Adam is a political reporter for the New Zealand Herald.

Anne Tolley stands her ground over knowledge of Maurice Williamson call to police

Anne Tolley maintains the first she knew of Maurice Williamson's phone call to police was on Monday. Photo / APN
Anne Tolley maintains the first she knew of Maurice Williamson's phone call to police was on Monday. Photo / APN

Police Minister Anne Tolley is standing by her statements that first she heard of ousted Government minister Maurice Williamson attempting to intervene with police in the Donghua Liu case was on Monday this week.

Information supplied to the Herald by police yesterday shows Ms Tolley was first notified by police on April 14 of the Official Information Act request from reporter Jared Savage which prompted police to release an email trail revealing Mr Williamson's involvement.

New Zealand First Leader Winston Peters said this morning it appeared Ms Tolley sat on that information for more than two weeks.

"This issue was known to the Minister of Police", Mr Peters told National Radio this morning.

"What on Earth was the 'no surprises' rule about if she didn't alert the Prime Minister?

"What is the Minister of Police doing making a judgement on this matter when it should have gone straight to the Prime Minister within a matter of hours? I want to know what she did about it because that's what the no surprises policy is about.

"The Prime Minister claims to have only known about it a few days ago. There's a pattern about this. He knew nothing about the GCSB, nothing about the SIS nothing about the (Dotcom) raid a couple of years ago.

"It all screams of a Prime Minister that's been left out of the loop or is that just too convenient?"

Read more:
O'Connor can't recall why he let Liu into NZ
Maurice Williamson resigns as a minister
Crossing the thin blue line
Audrey Young: Lack of judgment as worrying as it is bizarre
Editorial: Williamson - the other questions
Profile: Who is Maurice Williamson?

However, a spokesman for Ms Tolley told the Herald the only detail in the information given to her by police on April 14 as part of a routine list of OIA requests received, was that the NZ Herald had requested Information about Donghua Liu.

Asked specifically about when Ms Tolley first knew Mr Williamson had asked police to review their case against Mr Liu, the spokesman said: " The minister was briefed on the details of the OIA on Monday afternoon (28th) by the (police) commissioner. This was the first time she had knowledge of any of these issues."

"She did not inform the Prime Minister. During the briefing the commissioner informed her that he would be briefing the Department of the Prime Minister and Cabinet, which she believed was the appropriate action to take."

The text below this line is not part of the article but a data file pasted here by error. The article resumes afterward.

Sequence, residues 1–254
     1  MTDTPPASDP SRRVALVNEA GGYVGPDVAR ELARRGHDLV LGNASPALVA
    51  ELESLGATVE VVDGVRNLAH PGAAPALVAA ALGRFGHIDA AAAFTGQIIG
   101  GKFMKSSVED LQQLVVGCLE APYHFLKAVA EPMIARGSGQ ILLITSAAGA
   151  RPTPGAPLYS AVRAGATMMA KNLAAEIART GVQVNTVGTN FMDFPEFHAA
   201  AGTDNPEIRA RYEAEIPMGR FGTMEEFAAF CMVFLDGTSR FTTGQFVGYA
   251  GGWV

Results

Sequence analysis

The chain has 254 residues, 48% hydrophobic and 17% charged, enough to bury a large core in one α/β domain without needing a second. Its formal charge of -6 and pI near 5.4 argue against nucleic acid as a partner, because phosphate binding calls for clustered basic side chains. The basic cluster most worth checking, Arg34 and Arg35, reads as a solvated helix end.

Police Commissioner Mike Bush's briefing to Ms Tolley came four days after police had declined Savage's request and he made an urgent appeal to the Ombudsman. Police also provided Mr Williamson with a copy of the OIA request the same day.

They also told him they intended "to release relevant information with appropriate redactions to the NZ Herald and that a copy of the information to be disclosed will be provided prior to public release".

Mr Bush also briefed the chief executive of the politically neutral Department of the Prime Minister and Cabinet, Andrew Kibblewhite, on the OIA request.

On Tuesday, Mr Williamson's office was provided with a copy of redacted emails between three senior officers that police proposed releasing to the Herald. Police also provided Prime Minister John Key's office with copies of the email exchange that began with a message from the top policeman for Mr Williamson's electorate, Counties Manukau district commander Superintendent John Tims, despite Auckland Central being the investigating station.

Ms Tolley received a copy of the emails and Savage's original request on Wednesday.

Early yesterday, police reassessed the OIA request and considered the public interest to make the information available outweighed other considerations.

A Labour spokesman said: "From our experience in government it was police practice to give the Minister of Police a 'no surprises' briefing on events that could involve high-profile matters. These occurred around the time of the particular incident."

Read copies of the police emails here:

Response from police to Herald request for information:

- NZ Herald

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